will take them where they need to go. When
pigs and horses that were brought to North
soft breezes. Describe the weather during
a flock is moving, it appears as if all the
America by Spanish Explorers. Horses that
each season. Make sure to use adjectives
sheep are connected. What other animals
escaped became the wild mustangs that
and similes. Predict how you think the
move as flocks? When do humans follow as
migrated across the Great Plains. Pigs
dancers in Kindur will move to show the
a flock? How do participants in a flock or
became the wild razorback hogs that lived
weather in each of the seasons.
other group communicate without talking?
in Arkansas before it became a state in
What books, movies, music does this type
1836. Discuss things that are the same
of relationship remind you of? Where do you
and things that are different between kindur
see this kind of following happening in the
(Icelandic sheep) and razorback hogs. How
world around us?
does knowing about Icelandic sheep help us learn about animals in Arkansas? Why is it important to learn about animal habits and habitats around the world?
Post-Performance Activities Creative Assessment Imagine that you own a travel agency and want to encourage people to travel to Iceland. Create a travel brochure. In it, describe what tourists will see (the landscape), what they can do (climb mountains, whale watching, etc. ) and what they will eat. Tell your customers about the history of Iceland and the mystery of the Trolls. After you design your brochure, present the information to the class. Visit these travel sites to help get you started on your project: > www.visiticeland.com > www.frommers.com/destinations/iceland Photo credit: TPO
> www.lonelyplanet.com/iceland > http://travel.nationalgeographic.com/travel/countries/ iceland-guide/ > www.state.gov/r/pa/ei/bgn/3396.htm > www.ansi.okstate.edu/breeds/sheep/icelandic/index.htm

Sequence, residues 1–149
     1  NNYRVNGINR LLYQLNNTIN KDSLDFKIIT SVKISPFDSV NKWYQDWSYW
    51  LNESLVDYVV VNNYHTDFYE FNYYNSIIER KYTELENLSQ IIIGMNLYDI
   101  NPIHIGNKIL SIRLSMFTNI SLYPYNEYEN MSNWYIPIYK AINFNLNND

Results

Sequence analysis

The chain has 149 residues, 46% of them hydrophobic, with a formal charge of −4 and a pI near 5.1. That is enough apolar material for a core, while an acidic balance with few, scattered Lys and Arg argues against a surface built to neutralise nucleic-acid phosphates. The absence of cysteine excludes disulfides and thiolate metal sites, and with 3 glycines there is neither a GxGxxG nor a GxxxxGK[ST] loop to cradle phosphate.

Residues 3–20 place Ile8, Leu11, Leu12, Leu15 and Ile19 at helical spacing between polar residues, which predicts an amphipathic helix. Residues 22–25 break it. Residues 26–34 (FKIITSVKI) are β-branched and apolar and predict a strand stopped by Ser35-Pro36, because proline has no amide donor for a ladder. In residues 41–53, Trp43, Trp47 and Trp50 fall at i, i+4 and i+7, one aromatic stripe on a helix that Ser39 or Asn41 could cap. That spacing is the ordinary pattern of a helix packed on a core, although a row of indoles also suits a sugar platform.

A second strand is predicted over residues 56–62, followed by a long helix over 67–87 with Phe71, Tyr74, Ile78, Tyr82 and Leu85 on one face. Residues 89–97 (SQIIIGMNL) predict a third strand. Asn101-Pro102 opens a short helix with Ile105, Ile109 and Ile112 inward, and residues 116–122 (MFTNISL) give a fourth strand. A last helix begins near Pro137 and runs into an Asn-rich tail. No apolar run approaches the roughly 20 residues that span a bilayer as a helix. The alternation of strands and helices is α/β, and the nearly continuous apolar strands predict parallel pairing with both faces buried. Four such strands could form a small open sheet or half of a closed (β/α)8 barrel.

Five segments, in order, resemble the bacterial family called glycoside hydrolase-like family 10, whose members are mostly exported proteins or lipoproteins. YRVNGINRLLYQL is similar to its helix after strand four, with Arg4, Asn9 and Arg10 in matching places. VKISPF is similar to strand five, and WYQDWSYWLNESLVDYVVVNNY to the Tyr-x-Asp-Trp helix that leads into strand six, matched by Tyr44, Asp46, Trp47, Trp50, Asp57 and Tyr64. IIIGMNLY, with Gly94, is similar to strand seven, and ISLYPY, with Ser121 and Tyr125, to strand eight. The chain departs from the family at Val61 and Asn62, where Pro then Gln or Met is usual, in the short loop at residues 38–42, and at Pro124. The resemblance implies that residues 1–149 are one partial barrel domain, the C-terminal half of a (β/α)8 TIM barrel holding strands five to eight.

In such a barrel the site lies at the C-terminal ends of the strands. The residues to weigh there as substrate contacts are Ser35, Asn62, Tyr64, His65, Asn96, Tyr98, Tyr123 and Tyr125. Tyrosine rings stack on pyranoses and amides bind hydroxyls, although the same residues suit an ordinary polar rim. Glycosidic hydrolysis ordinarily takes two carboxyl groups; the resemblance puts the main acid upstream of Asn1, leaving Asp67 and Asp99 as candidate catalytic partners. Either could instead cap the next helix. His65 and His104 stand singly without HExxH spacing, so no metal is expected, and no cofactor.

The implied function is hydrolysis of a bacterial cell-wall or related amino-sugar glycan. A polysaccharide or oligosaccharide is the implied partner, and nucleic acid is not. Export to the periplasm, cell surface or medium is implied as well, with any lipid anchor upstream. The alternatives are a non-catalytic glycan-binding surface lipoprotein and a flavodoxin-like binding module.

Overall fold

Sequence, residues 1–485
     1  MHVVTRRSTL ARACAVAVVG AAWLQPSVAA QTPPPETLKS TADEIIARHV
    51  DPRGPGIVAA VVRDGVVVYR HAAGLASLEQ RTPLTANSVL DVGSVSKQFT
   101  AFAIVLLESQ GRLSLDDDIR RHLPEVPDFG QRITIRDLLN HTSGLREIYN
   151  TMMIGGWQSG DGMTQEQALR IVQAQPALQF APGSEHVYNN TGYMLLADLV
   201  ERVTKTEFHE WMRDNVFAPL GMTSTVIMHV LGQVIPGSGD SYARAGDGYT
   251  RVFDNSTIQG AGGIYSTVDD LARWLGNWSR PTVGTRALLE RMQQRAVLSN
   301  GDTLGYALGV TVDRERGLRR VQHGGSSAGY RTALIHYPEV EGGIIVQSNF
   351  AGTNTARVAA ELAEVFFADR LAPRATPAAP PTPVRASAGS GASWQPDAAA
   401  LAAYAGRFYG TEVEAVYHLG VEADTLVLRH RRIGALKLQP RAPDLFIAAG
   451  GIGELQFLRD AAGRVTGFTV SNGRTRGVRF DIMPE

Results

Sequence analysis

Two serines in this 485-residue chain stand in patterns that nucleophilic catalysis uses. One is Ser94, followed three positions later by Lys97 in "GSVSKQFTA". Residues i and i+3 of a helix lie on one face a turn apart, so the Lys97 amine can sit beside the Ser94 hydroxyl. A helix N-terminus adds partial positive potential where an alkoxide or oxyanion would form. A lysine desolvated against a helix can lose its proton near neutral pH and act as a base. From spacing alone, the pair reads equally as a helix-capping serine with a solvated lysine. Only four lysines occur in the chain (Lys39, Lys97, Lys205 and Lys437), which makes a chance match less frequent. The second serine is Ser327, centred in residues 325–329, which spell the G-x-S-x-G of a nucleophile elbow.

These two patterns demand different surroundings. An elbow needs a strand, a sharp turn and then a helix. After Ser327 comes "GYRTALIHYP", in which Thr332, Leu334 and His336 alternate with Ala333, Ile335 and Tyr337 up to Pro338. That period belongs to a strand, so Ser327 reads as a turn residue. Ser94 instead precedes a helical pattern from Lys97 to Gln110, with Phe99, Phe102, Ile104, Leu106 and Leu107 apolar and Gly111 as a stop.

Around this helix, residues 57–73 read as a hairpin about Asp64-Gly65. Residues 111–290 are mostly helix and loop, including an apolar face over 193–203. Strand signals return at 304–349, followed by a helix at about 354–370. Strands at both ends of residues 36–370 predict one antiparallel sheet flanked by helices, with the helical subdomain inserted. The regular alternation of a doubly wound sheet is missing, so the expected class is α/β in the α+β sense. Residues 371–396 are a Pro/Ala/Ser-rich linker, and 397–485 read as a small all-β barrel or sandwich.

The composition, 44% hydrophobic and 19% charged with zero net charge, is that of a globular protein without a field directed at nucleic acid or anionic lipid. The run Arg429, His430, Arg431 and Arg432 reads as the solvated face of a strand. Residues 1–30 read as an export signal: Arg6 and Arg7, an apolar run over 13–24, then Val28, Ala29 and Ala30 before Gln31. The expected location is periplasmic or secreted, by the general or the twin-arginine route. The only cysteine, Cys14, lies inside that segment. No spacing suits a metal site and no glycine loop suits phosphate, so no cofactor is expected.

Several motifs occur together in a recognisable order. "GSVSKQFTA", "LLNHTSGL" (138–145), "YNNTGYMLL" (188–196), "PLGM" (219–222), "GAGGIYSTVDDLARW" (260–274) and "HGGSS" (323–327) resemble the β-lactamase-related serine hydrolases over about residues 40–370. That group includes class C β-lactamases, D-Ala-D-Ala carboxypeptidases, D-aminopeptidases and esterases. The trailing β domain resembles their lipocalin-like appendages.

email@example.com / www.waltonartscenter.org
Volume 8 Number 13 Colgate Classroom Series performances help students meet Arkansas Learning Standards.
Photo credit: TPO
Reflect and Assess After the Performance Using partners, have students consider each question, record their answers and then share their responses with the rest of the class.
Learn more at: www.waltonartscenter.org
>What did you think about Kindur? What part(s) of the production do you remember? What questions do you have? >Describe the characters in Kindur. Who were they? What were they doing? Why? >What did you already know about Iceland and Icelandic Sheep before the performance? What do you know now?
Learning at Walton Arts Center
>If you were in the performance of Kindur, how would you play each of the
Laura Goodwin, VP Learning & Engagement
characters? Why would you perform them that way?
Dr. Patricia Relph, Arts Learning Specialist
>How did the set help tell the story? What sounds did you hear?
Katie Lamar, Schools Concierge
>How did the performance make you feel?
Dianna Blaylock, Learning Coordinator
>What moment in the play do you remember most?
Carley Tisdale, Learning & Engagement
>Write a description of that moment for someone who was unable to experience
the performance. Performance Guide Contributors:
>What questions do you have for the artists?
Kassie Misicwicz, Artistic Executive Director Learn More Online
Learn more about TPO and see a video of Kindur at www.tpo.it
Molly Carroll, Learning & Engagement Intern
Learn more about arts in education at The Kennedy Center’s free digital learning platform, the ArtsEdge website: http://artsedge.kennedy-center.org
Walton Arts Center 2010-2011 Learning programming is generously supported by these funders, sponsors and benefactors:
Education Benefactors: Ted & Leslie Belden
Mark & Lynn Richards
Dr. J.B. & Rachel Blankenship
Mary Lynn Reese
David & Tina Bogle
The Rose Family
Coleman & Shirley Peterson
Edy’s Grand Ice Cream
Arkansas Arts Council
Joel & Lynn Carver
Jeff & Eileen Schomburger
J.B. Hunt Transport, Inc.
Donald W. Reynolds
Carolyn & Nick Cole
Jack & Mechelle Sinclair
David & Candace Starling
Michael & Susan Duke
Jerry & Brenda Walton
Joanie & Jon Dyer
Jim & Lynne Walton
Malcolm & Ellen Hayward
John & Kitten Weiss
Kimberly-Clark Bio-Tech Pharmacal, Inc. Prairie Grove Telephone Co. Procter & Gamble
Foundation The John F. Kennedy Center for the Performing Arts Mid America Arts Alliance/
Pruitt Tool Company
Shipley Motor Co.
for the Arts
Fred & Yvonne Ley
Season support provided by
Andy & Mary Murray
Walmart / SAM’S CLUB
Tyson Foods, Inc.
Kindur (Icelandic Sheep) / Performance Guide